• Friday, June 21, 2024
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Cyberattacks reporting can mitigate future occurrences in organisations

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There is a call for policymakers in different institutions, cybersecurity experts, chief information officers, and artificial intelligence (AI) researchers to establish a collaborative community that addresses the growing concerns of cybercrimes in organisations.

Kingsley Osaghale, country manager of West Africa, Checkpoint said this at the Signal Alliance Consulting event on June 21, 2023, at the Capital Club, VI, Lagos.

He was on a panel with Nath Ude, managing director/CEO at NOVA Merchant Bank Ltd, and Ola Williams, country manager of Nigeria & Ghana Microsoft. The roundtable saw C-level executives in attendance and featured two panels: the Executive Business Panel and the Technical Panel.

According to Osaghale, there are a lot of attacks going on in every organisations, but this organisation believes that if they share with other organisation it will be used against them and they intend to keep their brand safe.

He said, “If countries and regions can come together to fight cybercrimes, then businesses and enterprises should do the same, to avoid others being affected.”

Ude, during the executive business panel discussion on “The opportunities and challenges of cybersecurity in the age of AI.: Panic or Act said that regulatory issues and cybersecurity concerns are the top challenges faced by businesses, particularly in the financial industry, especially fintech, and banks.

He said “The need for proactive measures and information sharing among banks to combat cyberattacks effectively, as institutions try to protect their reputation, by referring to threats and cyberattacks as network glitches or technological breakdowns.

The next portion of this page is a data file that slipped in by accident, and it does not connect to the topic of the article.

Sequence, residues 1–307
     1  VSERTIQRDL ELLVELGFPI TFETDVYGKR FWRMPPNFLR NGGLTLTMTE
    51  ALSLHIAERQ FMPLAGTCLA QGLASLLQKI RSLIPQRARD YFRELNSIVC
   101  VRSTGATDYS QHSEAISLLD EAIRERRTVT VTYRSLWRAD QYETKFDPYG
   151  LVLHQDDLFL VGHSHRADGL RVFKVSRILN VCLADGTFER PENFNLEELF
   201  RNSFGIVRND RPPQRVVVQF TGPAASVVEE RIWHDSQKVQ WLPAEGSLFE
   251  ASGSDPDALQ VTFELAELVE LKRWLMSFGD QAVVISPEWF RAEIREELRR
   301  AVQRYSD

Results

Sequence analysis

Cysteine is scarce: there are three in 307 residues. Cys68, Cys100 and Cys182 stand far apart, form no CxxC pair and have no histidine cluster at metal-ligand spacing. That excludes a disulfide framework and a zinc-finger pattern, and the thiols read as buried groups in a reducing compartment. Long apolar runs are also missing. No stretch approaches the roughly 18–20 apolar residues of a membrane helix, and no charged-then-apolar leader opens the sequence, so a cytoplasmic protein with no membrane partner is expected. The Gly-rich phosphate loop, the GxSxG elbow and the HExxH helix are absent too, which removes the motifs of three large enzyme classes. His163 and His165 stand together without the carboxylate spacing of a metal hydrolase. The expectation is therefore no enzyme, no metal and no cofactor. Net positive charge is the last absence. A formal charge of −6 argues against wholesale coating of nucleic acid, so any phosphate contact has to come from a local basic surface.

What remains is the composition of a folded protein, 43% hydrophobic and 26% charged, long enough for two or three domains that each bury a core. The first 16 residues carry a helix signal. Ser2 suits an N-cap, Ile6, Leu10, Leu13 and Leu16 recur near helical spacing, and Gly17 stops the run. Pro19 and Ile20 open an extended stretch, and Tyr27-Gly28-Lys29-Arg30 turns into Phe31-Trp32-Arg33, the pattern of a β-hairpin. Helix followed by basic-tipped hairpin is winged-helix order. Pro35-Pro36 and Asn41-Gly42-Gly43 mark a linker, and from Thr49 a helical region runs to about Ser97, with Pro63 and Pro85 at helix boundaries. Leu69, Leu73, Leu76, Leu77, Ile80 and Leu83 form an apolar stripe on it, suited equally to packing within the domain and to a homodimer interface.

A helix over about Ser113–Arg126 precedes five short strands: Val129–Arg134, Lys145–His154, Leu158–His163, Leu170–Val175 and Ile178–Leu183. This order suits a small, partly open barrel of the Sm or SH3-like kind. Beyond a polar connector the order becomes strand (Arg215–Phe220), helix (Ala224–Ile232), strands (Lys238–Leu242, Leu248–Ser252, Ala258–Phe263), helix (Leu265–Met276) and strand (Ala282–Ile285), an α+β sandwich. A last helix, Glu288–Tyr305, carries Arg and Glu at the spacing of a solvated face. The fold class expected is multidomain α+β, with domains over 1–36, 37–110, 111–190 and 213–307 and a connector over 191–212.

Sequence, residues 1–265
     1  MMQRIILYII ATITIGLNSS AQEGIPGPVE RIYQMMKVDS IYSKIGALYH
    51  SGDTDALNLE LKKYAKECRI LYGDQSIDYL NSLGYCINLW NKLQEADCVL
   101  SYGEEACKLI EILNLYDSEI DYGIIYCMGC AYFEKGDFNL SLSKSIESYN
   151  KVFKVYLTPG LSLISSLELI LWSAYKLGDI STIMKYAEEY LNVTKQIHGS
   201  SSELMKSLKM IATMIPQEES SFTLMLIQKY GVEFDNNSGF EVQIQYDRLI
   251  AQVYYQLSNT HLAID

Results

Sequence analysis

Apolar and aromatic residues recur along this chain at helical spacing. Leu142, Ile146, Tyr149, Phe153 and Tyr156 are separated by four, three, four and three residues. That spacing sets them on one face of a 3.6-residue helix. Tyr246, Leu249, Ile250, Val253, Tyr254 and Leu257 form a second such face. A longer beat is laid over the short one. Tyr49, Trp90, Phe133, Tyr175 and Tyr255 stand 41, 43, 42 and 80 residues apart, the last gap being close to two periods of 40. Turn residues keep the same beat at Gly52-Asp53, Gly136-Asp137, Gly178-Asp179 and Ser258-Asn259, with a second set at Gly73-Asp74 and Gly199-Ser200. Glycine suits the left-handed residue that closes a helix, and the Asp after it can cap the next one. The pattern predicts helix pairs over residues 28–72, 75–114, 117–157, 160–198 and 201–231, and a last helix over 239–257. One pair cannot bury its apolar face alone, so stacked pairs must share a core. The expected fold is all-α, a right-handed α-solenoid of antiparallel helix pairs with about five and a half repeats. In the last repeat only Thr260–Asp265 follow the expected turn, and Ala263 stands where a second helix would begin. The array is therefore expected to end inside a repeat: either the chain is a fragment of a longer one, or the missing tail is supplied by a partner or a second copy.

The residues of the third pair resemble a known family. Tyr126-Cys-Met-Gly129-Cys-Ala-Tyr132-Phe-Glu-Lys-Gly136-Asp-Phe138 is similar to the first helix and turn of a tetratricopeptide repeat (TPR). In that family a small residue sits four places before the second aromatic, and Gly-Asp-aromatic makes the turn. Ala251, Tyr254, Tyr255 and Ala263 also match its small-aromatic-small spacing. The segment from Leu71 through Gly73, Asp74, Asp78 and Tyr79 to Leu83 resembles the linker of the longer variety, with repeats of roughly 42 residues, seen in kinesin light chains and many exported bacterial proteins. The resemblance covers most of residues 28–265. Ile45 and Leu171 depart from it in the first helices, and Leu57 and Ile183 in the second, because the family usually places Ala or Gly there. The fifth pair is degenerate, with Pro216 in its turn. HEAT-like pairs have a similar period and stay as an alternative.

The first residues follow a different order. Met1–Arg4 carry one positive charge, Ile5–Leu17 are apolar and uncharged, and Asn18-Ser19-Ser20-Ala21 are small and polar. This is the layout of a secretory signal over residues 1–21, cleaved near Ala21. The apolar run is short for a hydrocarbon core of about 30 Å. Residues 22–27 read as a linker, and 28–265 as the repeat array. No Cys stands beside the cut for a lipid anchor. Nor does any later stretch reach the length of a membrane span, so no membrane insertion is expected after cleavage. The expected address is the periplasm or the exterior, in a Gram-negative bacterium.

“For instance, if there is information sharing, many banks will not have to undergo major attacks that were experienced by the other, but because they don’t want their co-banks to see their weakness they tend to weep it under the carpet.”

Responding to how organisations can mitigate these attacks, Williams emphasised more investment in using artificial intelligence (AI).

“As technology advances, we began to embrace the introduction of the Internet of Things, cloud computing, operational technologies, and many others. Signifying that the attack space that bad actors (cybercriminals) can leverage to unleash their attack has significantly increased.”

“However, with the introduction of AI, we have a 95 percent chance of detecting an attack before it happens,” she said.

According to her, the more organisation get involved with the adoption of AI, the easier it gets to mitigate cybercrime risk. To achieve this, partnering with companies that offer AI services can effectively combat cybercrime and minimize its impact.

“Sharing information, investing in AI, and forming partnerships are crucial steps to protect against cyberattacks and safeguard brand reputations,” she said.